In today’s digital-first world, organisations are rethinking their communications and telephony service to increase efficiency, save costs and reduce complexity. Unified Communications (UC) is the answer to this need, blurring the boundaries of telephony and merging it with instant messaging, video conferencing and a plethora of different applications, such as CRM systems, contact centres, and reporting.Since its release in 2017, Microsoft Teams has significantly impacted the UC market thanks to its ease of use, free inclusion in most Microsoft business licenses, and slick desktop integration. In the past six months, mostly due to the impact of the coronavirus (COVID-19) outbreak and the subsequent uptake in remote working practices, Teams’ daily users have skyrocketed, increasing from 44 million in March 2020, to 75 million as of April 2020 .
As an integral part of Microsoft 365 E3 and E5 business licences, many organisations have chosen Teams as their preferred collaboration solution. With its free instant messaging, voice and video features, Teams is a no-brainer for businesses looking to simplify their internal communications. However, the solution opens a lot of questions for organisations considering it to support the telephony needs of the whole business, and how easy and cost-effective it is to implement.
How important is voice to your business?
The enterprise communications ecosystem is broad and complex. While instant messaging, content sharing and virtual meetings are becoming increasingly popular amongst employees, voice is still key to wider business operations. According to Zendesk, 68 per cent of customers prefer to communicate with a company via phone, with only 34 per cent choosing chat as their preferred channel2. Therefore, having the right UC solution is vital to make sure your customers receive the best service possible, while also increasing efficiency and operability within your organisation.When considering the best UC solution for your business, it is critical to first understand your business requirements and how these compare to the solution’s capabilities. Out of the box, Teams supports voice over IP (VoIP) calls to any other member of the business using the application, but it does not connect to your telephone network. This means that in its most basic form, Teams can only be utilised as an internal collaboration tool, while you will also have to retain a separate telephony solution for external calling.For organisations struggling to cope with too many ineffective internal communications tools, Teams offers the perfect single point of contact to enable collaboration across the business. However, Teams’ basic functionality will not provide the telephony features of a PBX, such as contact centre functions, queuing, and interactive voice response (IVR), that might be necessary to the wider business and that would be available with a fully integrated UC solution.
integrated UC solution. Moreover, minutes bundles cannot be shared nor carried over, and your organisation will require communications credits if you run out of minutes in your calling plans, or if you receive toll-free calls. In this instance, an empty communications credits balance would stop you from making calls altogether. To overcome this issue, Microsoft suggests setting up an auto-recharge amount with a minimum balance that will trigger a purchase for that recharge amount3 – a recommendation that could easily promote bill shock if you’re not keeping track of the additional expenditures. Microsoft Direct Routing is a more flexible, accessible, and cost-effective alternative to Microsoft Calling Plans, enabling users to make and receive calls using your existing telecom provider. This option is particularly beneficial to leverage existing contracts with service providers, and to ensure interoperability with on-premise telephony equipment and desk phones. Moreover, while Direct Routing’s costs depend largely on the carrier rates, it is fair to say that it will almost always cost less per user than Calling Plans, with many providers offering unlimited and flexible minutes bundles.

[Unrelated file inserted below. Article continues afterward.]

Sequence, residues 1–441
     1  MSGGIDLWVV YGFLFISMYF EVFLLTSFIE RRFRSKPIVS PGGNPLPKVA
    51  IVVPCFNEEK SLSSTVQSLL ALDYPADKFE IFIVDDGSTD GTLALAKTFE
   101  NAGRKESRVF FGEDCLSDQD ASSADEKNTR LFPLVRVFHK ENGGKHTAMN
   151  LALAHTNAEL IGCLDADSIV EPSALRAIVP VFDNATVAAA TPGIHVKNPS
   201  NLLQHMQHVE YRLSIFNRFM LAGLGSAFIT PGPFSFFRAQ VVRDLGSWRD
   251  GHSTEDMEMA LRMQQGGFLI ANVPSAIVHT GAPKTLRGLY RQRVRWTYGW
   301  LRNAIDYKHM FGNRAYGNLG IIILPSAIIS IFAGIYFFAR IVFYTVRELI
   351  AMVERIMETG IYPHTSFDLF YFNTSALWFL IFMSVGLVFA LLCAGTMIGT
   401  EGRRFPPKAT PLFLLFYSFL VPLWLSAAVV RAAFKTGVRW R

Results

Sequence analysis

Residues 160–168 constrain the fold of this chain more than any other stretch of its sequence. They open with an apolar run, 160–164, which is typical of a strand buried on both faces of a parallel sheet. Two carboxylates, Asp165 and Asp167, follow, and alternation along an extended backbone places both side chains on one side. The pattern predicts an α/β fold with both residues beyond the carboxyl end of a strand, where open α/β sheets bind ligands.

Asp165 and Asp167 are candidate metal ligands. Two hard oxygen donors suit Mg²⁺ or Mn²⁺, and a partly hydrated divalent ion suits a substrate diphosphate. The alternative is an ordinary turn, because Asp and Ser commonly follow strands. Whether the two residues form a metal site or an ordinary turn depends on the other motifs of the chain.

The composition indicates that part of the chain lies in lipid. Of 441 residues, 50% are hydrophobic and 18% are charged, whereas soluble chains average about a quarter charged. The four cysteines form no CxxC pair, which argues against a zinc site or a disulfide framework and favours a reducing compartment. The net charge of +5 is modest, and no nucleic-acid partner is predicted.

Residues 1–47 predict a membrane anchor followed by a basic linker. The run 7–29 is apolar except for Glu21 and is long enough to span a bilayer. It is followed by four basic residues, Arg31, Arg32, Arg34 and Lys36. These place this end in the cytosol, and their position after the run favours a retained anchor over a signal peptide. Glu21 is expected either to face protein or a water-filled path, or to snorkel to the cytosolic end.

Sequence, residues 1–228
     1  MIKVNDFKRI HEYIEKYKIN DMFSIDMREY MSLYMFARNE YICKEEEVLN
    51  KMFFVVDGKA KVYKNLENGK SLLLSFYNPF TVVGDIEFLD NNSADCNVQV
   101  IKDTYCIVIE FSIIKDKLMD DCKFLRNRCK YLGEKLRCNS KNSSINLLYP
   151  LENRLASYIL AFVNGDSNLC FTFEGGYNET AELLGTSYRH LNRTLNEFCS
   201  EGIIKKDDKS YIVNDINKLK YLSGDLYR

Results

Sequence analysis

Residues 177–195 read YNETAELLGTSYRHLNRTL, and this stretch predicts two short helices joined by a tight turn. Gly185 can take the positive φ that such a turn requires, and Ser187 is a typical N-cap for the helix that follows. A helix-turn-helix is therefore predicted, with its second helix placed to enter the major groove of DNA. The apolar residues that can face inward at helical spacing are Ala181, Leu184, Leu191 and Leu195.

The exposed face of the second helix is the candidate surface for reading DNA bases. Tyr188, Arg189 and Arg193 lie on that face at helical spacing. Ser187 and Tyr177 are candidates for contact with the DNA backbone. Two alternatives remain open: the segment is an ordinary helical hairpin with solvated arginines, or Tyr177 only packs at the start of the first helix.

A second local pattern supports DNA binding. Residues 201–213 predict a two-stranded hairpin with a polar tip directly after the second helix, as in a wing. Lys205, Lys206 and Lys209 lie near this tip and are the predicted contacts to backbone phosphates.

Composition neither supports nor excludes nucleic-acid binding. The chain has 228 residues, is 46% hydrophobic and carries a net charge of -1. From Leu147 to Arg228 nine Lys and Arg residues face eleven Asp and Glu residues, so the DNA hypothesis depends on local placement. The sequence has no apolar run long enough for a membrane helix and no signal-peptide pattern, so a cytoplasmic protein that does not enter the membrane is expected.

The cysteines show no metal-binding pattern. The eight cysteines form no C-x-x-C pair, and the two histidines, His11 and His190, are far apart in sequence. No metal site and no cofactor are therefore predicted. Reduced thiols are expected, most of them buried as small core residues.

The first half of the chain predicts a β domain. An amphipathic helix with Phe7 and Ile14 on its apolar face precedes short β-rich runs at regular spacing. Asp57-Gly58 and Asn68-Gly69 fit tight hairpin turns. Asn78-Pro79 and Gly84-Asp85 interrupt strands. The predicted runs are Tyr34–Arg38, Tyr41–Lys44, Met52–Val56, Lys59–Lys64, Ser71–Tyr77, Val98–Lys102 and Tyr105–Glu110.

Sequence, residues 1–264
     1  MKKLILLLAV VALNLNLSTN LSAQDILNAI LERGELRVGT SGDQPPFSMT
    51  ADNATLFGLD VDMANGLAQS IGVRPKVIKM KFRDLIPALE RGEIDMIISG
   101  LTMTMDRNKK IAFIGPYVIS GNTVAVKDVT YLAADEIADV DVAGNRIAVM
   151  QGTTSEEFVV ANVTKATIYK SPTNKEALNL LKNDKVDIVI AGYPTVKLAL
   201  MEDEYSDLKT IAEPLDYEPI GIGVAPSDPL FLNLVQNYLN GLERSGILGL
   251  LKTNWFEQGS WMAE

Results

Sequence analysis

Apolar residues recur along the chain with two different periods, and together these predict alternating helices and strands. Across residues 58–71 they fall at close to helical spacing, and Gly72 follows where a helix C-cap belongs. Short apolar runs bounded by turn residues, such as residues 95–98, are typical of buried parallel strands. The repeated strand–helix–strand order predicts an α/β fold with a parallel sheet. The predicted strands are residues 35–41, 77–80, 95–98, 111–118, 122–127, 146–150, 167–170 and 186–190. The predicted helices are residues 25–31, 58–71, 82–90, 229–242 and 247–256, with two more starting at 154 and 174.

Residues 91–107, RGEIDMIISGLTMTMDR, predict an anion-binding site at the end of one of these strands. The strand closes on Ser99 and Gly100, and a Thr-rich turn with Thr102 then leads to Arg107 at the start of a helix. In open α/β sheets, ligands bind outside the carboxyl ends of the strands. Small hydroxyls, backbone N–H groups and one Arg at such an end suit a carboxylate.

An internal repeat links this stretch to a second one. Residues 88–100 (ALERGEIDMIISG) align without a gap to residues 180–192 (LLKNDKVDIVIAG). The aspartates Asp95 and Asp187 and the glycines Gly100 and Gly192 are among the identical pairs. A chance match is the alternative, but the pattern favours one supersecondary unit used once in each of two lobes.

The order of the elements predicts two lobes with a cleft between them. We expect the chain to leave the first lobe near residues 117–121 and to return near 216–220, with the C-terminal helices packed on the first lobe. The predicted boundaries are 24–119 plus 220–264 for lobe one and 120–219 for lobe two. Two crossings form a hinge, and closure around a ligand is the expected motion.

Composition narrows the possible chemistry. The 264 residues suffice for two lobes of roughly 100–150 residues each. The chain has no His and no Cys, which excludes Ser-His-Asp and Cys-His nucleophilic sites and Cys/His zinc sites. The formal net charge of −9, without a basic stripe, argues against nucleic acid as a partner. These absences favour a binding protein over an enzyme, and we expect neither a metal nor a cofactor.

At the beginning of the COVID-19 pandemic, many organisations adopted Microsoft Teams as the easiest option for their sudden remote working requirements. However, many are now re-evaluating their long-term communications strategy to understand which solution is best for business continuity and permanent remote or flexible working. While Teams is integrated into most Microsoft business licences as an internal collaboration platform, enabling external calls requires additional costs, including Microsoft Phone System licence and minute bundles. Microsoft Calling Plans and Direct Routing differentiate in terms of cost-effectiveness, number of suppliers, and flexibility of bundles. Alternatively, organisations might also want to consider adopting a fully integrated UC solution from a different single supplier.Ultimately, the solution you choose primarily depends on your organisation’s current and future needs, such as whether want to retain your current carrier, whether Teams has all the features that your business requires, how important an end-to-end SLA is to your business, and how much additional costs and complexity you’re willing to take on.
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